Re: DIFAX as a teaching tool

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Anthony Rockwood <rockwooa@xxxxxxxx> wrote:

Don's ranting (see below) supports my comments from last week when I suggested that we teachers need to find new ways to teach and students need to find new ways to learn. Teachers should be exploring ways to create exercises that will allow students to explore what generated the vorticity to begin with, what factors change it, what it all has to do with creating weather, and this can be done with apps like GEMPAK/GARP and maybe even more effectively with NMAP that's part of the new release. Or how about a nice vorticity MetApp ?

Write up a use case.
It was always very hard to get these concepts across with DIFAX maps, even 
though students got pretty good at shading areas of PVA and NVA.

It worked fine in the 70's and 80's, but now we're (almost) in a new millenium. 

I still like the idea of having the surface analysis, the U/A maps and a model 
or two hanging on the wall for students when they come into the lab, want a 
quick look at the patterns, and pretend they can predict the weather from a 30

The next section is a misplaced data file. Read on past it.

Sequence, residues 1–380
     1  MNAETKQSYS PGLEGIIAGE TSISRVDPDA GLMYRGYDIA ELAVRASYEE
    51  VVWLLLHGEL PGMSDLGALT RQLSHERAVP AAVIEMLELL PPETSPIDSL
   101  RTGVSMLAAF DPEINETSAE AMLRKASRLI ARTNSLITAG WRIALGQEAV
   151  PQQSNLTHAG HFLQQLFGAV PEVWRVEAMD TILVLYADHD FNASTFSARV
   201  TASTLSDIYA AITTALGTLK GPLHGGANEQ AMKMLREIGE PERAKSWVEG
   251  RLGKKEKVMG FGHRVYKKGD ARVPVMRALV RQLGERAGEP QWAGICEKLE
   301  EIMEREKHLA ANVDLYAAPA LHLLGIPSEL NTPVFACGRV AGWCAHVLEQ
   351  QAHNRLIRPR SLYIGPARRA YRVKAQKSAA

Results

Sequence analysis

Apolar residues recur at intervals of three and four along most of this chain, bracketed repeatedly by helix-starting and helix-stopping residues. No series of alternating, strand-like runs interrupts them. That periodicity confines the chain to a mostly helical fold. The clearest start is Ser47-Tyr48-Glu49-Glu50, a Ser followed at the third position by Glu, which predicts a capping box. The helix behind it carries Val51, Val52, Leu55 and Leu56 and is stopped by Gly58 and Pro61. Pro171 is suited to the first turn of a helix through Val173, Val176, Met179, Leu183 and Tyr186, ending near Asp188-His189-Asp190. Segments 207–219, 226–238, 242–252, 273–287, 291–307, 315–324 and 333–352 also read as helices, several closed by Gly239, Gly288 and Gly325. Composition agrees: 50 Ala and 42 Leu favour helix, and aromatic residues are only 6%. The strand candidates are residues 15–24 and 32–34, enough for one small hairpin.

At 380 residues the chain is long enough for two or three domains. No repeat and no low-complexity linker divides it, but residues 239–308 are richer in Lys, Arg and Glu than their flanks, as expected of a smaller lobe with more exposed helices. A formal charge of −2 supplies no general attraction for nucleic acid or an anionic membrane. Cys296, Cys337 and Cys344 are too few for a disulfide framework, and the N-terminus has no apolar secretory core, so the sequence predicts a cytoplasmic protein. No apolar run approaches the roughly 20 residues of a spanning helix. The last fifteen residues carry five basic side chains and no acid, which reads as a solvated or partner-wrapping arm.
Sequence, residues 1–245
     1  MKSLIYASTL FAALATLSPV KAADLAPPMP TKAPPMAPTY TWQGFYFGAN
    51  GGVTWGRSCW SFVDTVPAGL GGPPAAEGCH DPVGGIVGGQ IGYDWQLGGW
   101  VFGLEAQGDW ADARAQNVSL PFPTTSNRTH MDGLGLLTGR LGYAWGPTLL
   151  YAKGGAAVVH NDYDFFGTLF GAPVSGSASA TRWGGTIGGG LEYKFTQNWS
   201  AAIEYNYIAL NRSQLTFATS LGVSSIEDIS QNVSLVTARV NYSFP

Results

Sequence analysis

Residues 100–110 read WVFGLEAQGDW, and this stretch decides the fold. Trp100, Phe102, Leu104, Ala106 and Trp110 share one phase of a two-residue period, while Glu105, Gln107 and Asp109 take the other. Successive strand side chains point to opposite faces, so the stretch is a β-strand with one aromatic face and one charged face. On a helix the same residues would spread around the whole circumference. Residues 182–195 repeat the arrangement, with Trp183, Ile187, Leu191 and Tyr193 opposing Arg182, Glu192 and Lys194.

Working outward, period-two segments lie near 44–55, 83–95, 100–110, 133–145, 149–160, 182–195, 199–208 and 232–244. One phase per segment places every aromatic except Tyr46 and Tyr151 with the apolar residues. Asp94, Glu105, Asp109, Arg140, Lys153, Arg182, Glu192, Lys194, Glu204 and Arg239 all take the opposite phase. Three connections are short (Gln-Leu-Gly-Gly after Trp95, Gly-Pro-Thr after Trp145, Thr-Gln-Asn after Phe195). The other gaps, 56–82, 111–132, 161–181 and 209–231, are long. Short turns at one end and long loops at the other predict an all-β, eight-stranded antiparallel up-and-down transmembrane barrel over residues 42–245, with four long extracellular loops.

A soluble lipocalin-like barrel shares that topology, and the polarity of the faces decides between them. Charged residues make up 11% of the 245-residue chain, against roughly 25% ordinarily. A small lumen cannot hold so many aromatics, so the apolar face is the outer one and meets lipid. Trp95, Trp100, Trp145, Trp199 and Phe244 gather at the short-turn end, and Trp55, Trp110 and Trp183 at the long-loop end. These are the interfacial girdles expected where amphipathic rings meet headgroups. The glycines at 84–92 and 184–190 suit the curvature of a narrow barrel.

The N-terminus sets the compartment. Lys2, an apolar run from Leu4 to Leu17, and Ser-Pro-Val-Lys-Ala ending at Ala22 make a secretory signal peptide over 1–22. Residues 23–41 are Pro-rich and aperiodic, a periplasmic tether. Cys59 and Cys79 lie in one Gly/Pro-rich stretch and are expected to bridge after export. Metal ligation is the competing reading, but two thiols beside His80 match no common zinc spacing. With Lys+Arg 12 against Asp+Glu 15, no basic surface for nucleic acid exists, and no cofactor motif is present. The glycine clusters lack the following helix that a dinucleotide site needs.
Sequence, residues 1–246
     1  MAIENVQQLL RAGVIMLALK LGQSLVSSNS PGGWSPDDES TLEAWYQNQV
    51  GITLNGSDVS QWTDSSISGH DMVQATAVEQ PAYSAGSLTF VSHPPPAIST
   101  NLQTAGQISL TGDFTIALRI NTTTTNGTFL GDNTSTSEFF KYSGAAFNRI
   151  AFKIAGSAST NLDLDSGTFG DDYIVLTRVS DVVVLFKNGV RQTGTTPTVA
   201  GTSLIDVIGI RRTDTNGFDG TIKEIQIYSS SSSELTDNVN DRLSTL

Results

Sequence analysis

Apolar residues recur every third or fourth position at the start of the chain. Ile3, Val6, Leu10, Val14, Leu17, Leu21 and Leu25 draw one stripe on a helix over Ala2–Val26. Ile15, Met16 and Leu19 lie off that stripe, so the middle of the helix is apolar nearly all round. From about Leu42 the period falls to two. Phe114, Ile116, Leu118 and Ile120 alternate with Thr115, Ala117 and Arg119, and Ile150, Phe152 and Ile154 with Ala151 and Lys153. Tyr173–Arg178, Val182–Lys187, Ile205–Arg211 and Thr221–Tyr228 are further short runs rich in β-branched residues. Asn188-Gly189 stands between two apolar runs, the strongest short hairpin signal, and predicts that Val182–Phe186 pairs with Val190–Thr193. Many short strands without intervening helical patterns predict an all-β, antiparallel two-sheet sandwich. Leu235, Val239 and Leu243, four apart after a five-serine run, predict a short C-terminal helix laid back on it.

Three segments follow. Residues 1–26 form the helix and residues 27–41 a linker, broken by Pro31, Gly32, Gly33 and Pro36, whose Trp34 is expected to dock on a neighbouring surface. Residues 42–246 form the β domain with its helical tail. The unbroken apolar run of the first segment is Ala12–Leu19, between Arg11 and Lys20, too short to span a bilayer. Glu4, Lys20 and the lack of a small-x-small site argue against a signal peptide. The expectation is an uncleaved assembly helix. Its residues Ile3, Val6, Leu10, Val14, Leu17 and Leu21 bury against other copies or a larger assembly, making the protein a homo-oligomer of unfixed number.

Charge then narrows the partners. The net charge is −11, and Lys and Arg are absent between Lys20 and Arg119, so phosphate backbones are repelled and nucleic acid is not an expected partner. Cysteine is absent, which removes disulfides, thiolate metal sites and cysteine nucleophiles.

second look at the maps :-)  And there are still students who aren't as skilled 
at the computer as others.

I agree.

So for a quick look at the current weather, DIFAX (or some kind of hardcopy) is 
fine, but as a teaching tool, it's old technology and our students deserve 

I think hardcopy can be fine as a teaching tool.  What I object to is using the 
DIFAX-centric view of the world.  For example, having printouts of the MRF 
ensemble forecasts is great for a map wall and students (and faculty) can get a 
quick view of the output without having to crank up a session and figure out 
how to create the products themselves.  Sometimes in a classroom setting, it 
might be easier to use a wall of maps when computer resources and time are 
limited.  I just think we need to be more creative in what we print out and how 
we use those pieces of paper.

As far as MetApps, the GriddedData viewer can now display isosurfaces of 
temperature to illustrate phenomena like overrunning.  To me, using an 
animation of the 0 C isosurface would be a much better forecasting tool than a 
wall of 1000, 850, 700 and 500 mb maps for determining rain/snow distribution 
in a questionable situation.  That's a lot better than what you can do with 
DIFAX maps.  Or, using GEMPAK or McIDAS, I could calculate various rain/snow 
parameters and produce maps of those for display.

I guess we need a pedagogy@xxxxxxxxxxxxxxxx list now to discuss this issue. ;-)


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